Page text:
And that’s the whole point, as well as that of the Gospel account. The spectacular scene just read takes place up on top of Mt. Tabor immediately prior to Jesus’ journey to Jerusalem, there to be sacrificed on the altar of the Cross. The very same Peter, James and John present for this moment of ecstasy on Mt. Tabor are likewise present on the Mount of Olives for Christ’s agony. The divinity within Christ revealed here will be just as present as the humanity within Jesus as he suffers on the other mount. Both reveal the whole truth about Jesus Christ, namely that he is truly both man and God, divinity and humanity, true God and true man. Peter, James and John are very much animated, very much alive to the moment of privilege on the Mount of Transfiguration. They will, however, sleep in the Garden of Gethsemani up on Mt. Olivet.
The Christian response to suffering is far too complicated to explain in a letter to the editor to the newspaper. And even though a crucifix immersed in a jar of urine is promoted in certain quarters as “art” deserving to be supported by public tax dollars, we nevertheless elevate the crucifix, the cross with Christ’s human body on it, high above our altars because of what it reveals about our human nature.
It is worthwhile in the current public debate over human suffering and the question of who controls the birth of human life as well as who controls its death to remember that the Rev. Dr. Martin Luther King, Jr., built his entire civil rights movement on the theological notion of the effectiveness and power of human suffering. He knew full well its power to reveal the divine within our human nature; its power to change our consciousness of what it means to be a child of God, a human being created in the image and likeness of God. Rev. Martin Luther King, Jr. knew full well that it could stir the soul of an entire nation and change the direction of our entire American culture by changing our consciousness and therefore our consciences through passive, non-violent suffering.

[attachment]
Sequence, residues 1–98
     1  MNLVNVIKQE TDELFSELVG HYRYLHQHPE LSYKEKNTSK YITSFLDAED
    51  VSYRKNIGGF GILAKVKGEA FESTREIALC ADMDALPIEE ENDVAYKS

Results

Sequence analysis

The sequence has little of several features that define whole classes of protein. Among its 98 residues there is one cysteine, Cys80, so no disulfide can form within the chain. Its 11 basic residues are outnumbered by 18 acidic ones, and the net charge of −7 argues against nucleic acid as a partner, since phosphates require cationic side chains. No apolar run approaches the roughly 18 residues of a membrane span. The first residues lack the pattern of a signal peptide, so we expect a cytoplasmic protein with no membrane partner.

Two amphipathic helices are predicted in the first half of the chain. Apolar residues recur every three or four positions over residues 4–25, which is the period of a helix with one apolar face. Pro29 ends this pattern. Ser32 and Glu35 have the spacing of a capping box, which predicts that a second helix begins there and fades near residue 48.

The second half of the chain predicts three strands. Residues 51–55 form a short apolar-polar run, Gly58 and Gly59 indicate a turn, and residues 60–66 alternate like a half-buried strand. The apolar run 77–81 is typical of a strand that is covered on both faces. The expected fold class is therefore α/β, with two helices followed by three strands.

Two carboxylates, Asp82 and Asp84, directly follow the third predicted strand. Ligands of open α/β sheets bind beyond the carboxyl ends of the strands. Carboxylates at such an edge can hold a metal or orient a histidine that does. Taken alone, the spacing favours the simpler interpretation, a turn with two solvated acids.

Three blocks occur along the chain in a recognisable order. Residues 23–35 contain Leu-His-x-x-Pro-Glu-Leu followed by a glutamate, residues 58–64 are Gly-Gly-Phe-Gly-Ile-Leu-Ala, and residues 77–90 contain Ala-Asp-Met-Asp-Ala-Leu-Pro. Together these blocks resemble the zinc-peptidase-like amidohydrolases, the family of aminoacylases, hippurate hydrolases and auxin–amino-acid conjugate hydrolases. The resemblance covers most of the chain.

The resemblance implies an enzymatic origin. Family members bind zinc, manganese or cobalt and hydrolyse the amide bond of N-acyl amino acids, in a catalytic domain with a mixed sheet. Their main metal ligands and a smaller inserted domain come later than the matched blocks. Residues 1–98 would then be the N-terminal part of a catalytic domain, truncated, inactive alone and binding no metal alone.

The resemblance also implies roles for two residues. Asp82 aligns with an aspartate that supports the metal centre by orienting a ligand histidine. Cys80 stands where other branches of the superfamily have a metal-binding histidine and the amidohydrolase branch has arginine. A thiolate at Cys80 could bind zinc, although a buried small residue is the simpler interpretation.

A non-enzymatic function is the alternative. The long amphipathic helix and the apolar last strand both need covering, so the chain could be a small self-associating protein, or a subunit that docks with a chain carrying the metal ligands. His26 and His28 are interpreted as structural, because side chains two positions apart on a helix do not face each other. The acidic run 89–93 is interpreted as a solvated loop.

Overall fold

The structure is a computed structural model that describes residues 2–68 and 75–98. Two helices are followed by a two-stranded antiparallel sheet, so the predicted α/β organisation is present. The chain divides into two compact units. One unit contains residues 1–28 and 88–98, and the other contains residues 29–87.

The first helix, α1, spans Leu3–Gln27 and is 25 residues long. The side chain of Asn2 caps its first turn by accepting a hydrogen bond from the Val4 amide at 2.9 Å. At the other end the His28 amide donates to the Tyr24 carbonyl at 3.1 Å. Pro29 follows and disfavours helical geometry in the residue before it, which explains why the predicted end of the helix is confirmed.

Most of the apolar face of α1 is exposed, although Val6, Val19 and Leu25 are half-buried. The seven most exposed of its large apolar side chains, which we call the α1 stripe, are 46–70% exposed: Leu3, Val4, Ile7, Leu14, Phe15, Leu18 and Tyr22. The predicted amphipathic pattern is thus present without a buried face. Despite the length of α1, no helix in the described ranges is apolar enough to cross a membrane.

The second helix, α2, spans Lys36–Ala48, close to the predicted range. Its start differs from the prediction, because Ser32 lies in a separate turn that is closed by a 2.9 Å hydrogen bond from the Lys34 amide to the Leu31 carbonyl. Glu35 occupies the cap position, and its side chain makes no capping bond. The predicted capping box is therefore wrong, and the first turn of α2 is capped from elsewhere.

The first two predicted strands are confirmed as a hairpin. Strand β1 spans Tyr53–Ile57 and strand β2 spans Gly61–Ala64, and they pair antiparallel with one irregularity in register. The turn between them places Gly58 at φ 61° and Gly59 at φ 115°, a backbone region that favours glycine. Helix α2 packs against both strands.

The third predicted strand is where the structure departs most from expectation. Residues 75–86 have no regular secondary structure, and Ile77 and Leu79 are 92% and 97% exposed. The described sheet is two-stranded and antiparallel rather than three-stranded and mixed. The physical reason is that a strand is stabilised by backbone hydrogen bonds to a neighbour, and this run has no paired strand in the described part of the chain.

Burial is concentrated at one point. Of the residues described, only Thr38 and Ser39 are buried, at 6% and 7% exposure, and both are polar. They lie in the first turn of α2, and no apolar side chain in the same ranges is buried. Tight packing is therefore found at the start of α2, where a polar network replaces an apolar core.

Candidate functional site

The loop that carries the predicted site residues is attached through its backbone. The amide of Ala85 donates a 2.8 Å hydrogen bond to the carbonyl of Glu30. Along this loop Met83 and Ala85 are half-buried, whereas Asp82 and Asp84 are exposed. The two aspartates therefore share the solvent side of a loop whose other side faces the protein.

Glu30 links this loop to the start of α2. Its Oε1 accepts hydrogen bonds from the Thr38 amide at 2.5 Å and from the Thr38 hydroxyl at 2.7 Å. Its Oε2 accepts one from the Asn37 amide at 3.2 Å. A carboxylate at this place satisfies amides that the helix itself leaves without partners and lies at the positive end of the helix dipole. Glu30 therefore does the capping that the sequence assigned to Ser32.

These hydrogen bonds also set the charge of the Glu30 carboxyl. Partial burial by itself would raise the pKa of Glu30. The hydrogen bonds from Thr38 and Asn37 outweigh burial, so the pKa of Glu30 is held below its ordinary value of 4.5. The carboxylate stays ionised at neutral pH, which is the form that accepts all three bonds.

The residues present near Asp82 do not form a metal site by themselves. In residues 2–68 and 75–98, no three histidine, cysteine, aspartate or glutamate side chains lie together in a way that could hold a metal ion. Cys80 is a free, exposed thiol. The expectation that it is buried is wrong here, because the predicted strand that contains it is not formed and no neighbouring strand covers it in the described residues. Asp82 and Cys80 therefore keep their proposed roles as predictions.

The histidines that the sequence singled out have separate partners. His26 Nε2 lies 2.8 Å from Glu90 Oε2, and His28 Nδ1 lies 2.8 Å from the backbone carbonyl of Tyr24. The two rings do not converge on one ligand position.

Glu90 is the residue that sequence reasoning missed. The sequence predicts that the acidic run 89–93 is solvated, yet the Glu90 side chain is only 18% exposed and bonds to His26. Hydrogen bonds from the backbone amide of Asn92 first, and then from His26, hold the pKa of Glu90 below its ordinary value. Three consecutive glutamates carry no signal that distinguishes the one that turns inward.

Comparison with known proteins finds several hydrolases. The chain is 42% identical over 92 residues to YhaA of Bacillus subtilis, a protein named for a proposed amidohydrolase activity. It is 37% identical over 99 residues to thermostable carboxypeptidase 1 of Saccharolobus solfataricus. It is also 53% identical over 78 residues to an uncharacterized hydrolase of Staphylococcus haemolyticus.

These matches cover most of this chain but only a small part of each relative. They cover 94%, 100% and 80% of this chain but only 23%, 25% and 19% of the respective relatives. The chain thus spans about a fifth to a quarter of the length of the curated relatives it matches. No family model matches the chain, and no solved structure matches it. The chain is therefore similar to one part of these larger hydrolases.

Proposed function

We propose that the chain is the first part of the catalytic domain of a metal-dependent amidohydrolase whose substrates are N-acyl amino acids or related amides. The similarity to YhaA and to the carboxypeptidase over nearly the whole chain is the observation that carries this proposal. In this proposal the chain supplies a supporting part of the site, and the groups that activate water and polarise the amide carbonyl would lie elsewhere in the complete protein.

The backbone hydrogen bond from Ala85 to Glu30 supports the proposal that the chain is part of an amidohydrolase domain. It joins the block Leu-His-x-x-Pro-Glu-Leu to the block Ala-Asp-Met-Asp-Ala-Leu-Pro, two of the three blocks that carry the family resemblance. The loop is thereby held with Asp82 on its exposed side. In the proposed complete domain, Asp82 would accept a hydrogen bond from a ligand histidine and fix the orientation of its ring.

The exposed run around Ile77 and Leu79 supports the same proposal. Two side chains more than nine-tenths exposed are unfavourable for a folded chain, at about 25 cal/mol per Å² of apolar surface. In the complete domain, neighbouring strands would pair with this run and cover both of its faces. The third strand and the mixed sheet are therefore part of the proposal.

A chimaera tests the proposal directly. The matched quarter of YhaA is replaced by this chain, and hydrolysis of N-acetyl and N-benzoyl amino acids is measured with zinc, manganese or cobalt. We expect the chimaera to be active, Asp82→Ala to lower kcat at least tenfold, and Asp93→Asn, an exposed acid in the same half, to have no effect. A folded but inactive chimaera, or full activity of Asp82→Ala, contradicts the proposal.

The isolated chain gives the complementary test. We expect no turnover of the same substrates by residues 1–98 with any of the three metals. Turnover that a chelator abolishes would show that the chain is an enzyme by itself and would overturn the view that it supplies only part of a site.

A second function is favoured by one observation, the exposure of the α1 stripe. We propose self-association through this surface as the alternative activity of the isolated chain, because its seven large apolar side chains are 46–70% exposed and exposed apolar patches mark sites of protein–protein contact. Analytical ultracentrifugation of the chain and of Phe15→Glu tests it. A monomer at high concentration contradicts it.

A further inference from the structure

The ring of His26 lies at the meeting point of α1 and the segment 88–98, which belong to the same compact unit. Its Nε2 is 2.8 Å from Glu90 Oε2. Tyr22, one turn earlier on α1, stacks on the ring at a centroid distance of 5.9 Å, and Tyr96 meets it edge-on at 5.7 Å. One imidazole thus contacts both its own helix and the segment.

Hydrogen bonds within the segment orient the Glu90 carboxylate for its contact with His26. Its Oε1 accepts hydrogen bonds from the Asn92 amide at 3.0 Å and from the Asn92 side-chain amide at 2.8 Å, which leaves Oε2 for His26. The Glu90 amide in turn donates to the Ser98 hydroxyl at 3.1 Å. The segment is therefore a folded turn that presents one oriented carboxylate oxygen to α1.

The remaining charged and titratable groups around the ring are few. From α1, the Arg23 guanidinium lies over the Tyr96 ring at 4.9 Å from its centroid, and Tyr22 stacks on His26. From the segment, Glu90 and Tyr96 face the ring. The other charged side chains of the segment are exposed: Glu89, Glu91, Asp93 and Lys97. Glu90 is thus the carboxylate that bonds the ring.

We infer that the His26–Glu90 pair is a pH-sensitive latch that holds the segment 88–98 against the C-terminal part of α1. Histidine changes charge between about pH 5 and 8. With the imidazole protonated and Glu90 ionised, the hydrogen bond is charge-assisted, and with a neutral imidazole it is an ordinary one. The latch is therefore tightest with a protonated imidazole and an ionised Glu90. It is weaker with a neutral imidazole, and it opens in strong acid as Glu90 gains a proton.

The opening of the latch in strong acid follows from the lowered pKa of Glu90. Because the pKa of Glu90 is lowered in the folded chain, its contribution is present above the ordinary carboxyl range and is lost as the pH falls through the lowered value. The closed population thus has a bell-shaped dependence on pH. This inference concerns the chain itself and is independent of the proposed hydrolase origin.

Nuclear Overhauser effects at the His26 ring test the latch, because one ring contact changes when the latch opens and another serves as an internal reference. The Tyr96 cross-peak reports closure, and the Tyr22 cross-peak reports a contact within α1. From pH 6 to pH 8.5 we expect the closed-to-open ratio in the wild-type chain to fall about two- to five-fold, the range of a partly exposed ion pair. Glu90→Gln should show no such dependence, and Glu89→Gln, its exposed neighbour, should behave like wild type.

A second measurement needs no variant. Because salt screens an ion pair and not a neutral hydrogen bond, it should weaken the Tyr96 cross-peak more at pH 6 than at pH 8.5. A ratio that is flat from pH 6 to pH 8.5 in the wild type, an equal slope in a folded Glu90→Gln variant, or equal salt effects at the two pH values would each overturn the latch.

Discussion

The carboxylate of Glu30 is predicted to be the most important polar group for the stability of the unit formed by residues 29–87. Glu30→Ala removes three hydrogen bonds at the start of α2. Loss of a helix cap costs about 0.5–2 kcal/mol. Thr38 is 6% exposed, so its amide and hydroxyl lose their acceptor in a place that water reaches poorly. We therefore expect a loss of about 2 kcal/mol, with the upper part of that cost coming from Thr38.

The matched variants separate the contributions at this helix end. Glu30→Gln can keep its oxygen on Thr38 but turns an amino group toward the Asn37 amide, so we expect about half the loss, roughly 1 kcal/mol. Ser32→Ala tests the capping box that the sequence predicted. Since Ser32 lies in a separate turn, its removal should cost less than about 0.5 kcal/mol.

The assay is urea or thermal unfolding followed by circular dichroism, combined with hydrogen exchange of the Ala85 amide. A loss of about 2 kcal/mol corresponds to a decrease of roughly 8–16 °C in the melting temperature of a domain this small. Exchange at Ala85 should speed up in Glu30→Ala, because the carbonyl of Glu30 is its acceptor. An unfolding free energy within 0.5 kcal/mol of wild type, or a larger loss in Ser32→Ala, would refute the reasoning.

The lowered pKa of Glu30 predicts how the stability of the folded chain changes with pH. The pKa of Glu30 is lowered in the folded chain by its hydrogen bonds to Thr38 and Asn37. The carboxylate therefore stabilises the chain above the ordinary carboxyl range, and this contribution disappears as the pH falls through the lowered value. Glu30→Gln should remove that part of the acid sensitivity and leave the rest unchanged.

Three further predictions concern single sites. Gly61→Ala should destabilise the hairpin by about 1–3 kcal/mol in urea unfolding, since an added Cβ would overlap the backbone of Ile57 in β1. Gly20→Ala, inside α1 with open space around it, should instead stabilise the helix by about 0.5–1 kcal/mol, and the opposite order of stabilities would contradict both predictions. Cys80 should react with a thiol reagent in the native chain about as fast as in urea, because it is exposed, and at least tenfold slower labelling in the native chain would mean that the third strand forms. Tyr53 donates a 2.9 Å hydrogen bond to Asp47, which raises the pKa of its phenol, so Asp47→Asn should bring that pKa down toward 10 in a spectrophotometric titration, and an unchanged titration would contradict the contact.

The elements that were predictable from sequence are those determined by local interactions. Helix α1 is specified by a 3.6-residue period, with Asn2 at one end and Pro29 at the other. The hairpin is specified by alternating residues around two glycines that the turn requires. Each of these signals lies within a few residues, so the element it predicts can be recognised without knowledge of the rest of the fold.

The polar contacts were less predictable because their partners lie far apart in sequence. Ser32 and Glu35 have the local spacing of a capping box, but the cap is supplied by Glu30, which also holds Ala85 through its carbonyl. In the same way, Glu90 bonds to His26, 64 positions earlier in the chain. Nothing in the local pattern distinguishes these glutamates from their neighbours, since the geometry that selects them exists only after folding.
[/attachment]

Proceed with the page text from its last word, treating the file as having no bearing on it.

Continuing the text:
Here in the middle of Lent, Holy Mother Church puts these two powerful readings from the bible in front of our eyes. She doesn’t glorify human suffering, nor does she rejoice that humans must suffer. Contrary to the propaganda of secularists, the Roman Catholic Church has devoted hundreds of billions of dollars to the alleviation of human suffering, the care of the sick and suffering, as well as the elderly. Likewise, she has devoted enormous resources to educating countless millions of people in order that they may be delivered from ignorance and given light for their minds with which to see reality and discern wisdom. Our Church needs no defense against her enemies; she stands with Abraham, Moses and Jesus Christ in the certain faith that God will not let the gates of hell prevail against her.
What then shall we say this day of our own personal faith at this stage in our journey through Lent? Can we really “let go and let God”? Shall we let go of those things that we cling to, let them go in the sure and certain faith that God will bring good out of evil, life out of death, meaning out of absurdity, and joy out of suffering? Abraham is, as we pray in the Roman Canon, “our father in faith”. If Abraham could let his beloved son go, whom God spared from death, and if God our Father in heaven could let His own beloved Son go, whom He did not spare from death, what levels of faith do we have with which to do the same? Just how much do we allow God to be truly God in our own lives by placing our lives in His hands?